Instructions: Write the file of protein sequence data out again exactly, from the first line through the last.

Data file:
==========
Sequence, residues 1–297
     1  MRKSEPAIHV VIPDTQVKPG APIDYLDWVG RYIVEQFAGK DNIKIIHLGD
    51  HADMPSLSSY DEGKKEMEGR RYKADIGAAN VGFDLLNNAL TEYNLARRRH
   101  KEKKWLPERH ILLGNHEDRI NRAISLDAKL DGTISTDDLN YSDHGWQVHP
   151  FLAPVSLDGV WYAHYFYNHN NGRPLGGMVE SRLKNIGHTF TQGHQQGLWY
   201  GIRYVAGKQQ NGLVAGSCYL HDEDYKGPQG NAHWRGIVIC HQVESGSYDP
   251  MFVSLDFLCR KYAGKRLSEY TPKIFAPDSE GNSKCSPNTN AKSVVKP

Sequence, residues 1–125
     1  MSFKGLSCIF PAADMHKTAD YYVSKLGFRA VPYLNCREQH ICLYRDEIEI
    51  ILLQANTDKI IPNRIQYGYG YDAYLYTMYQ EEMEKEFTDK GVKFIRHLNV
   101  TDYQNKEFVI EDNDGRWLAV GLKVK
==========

Sequence, residues 1–297
     1  MRKSEPAIHV VIPDTQVKPG APIDYLDWVG RYIVEQFAGK DNIKIIHLGD
    51  HADMPSLSSY DEGKKEMEGR RYKADIGAAN VGFDLLNNAL TEYNLARRRH
   101  KEKKWLPERH ILLGNHEDRI NRAISLDAKL DGTISTDDLN YSDHGWQVHP
   151  FLAPVSLDGV WYAHYFYNHN NGRPLGGMVE SRLKNIGHTF TQGHQQGLWY
   201  GIRYVAGKQQ NGLVAGSCYL HDEDYKGPQG NAHWRGIVIC HQVESGSYDP
   251  MFVSLDFLCR KYAGKRLSEY TPKIFAPDSE GNSKCSPNTN AKSVVKP

Sequence, residues 1–125
     1  MSFKGLSCIF PAADMHKTAD YYVSKLGFRA VPYLNCREQH ICLYRDEIEI
    51  ILLQANTDKI IPNRIQYGYG YDAYLYTMYQ EEMEKEFTDK GVKFIRHLNV
   101  TDYQNKEFVI EDNDGRWLAV GLKVK